GW Orthopaedic Surgeon Discusses Sports Medicine Injuries

August 11, 2020
Football

The District of Columbia is one of the top five most physically active regions in the United States according to a January 2020 report released by the Centers for Disease Control. While the health benefits of physical activity are abundant, they come with an increased risk of developing injuries. Rajeev Pandarinath, MD, a board-certified orthopedic surgeon and sports medicine physician at The GW Medical Faculty Associates, treats all kinds of patients from weekend warriors, college athletes, to even members of Congress.

For Pandarinath, who is also an assistant professor of orthopedic surgery at the George Washington University School of Medicine and Health Sciences, the cornerstone of his practice is helping people to return to playing sports and being active again with their families and hobbies. He offered insight into his experiences and to the common injuries he treats.

Q: Tell us about your experiences being a team physician.

Pandarinath: I was the senior team physician at GW Athletics for seven years. I’m currently the head team physician for the University of the District of Columbia (UDC) Athletics. Taking care of athletes at the university level is extremely rewarding. I enjoy seeing the true passion that these athletes have for their sports, including their desire to play and compete at a high level.

Q: How can athletes take steps to help reduce the risk of injury?

Pandarinath: Although many injuries can happen at random, there are several things that athletes can do to help prevent injury. Adequate nutrition, proper hydration, and having a pre- and post-activity routine are important in avoiding injury. Adequate nutrition ensures that the body can handle the stress-induced from heavy exercises and repetitive loading, and helps avoid injuries such as stress fractures. Proper hydration ensures that the muscle cells in the body are getting oxygen and nutrients in the blood, and helps to avoid cramping and tearing of muscles. Lastly, having a proper warmup and cool-down routine helps prepare the body for exercise.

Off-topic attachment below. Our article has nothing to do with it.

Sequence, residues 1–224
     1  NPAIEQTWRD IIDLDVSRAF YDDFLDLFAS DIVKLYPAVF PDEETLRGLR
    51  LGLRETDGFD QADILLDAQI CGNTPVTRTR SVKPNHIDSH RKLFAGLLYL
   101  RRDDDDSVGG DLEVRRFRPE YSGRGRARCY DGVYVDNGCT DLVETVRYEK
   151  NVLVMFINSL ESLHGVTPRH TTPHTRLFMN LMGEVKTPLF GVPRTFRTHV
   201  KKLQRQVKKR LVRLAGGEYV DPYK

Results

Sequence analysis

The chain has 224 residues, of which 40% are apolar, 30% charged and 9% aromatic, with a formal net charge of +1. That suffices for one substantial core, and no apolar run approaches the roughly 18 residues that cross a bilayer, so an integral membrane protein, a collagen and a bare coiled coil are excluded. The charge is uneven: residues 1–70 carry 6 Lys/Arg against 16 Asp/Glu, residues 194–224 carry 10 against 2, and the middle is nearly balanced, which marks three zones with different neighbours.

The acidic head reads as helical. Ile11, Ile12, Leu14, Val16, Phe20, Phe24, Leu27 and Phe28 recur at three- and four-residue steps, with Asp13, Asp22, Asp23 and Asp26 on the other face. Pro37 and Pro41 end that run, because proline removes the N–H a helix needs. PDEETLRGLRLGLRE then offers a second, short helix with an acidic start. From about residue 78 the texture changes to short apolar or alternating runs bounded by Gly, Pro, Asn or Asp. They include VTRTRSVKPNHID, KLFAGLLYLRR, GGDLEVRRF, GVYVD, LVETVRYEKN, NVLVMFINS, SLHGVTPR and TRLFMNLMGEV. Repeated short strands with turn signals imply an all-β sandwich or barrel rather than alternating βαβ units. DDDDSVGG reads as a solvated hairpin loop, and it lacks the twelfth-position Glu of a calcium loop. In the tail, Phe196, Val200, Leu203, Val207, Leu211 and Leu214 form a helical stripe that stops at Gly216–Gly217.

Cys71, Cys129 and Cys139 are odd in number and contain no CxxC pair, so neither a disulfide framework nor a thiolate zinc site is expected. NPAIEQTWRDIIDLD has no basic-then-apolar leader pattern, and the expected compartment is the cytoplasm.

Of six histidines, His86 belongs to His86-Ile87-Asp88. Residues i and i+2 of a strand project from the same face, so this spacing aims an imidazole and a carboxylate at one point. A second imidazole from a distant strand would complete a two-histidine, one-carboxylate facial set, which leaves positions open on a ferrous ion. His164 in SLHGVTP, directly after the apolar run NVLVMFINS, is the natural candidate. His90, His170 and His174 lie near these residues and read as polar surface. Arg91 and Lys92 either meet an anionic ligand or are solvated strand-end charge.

Q: For athletes and non-athletes, what common conditions or injuries do you see in your practice? How can patients reduce their risk? What are tell-tale signs that they should make an appointment for common injuries?

Pandarinath: Many aches and pains after working out are a result of the body’s normal reaction to exercise. For symptoms such as muscle soreness or mild pain, it’s often helpful to rest the affected extremity, apply ice packs, and even take anti-inflammatory medications for a few days as long as they are medically safe for you. If pain is moderate to severe, or not responding to these treatments, it may be necessary to see an orthopedic surgeon. If you notice any significant swelling of a joint or have difficulty walking normally, it may be better to come in sooner. It’s often difficult for patients to know how serious their condition may be, and we offer urgent and walk-in visits at GW Orthopaedics so that patients can get advice quickly and early on in their recovery.

Dr. Pandarinath is currently accepting new patients and he is ready to see you virtually or in-person for your sports injuries. Don’t delay care, call GW Orthopaedics at (202) 741-3418 or schedule an appointment online.

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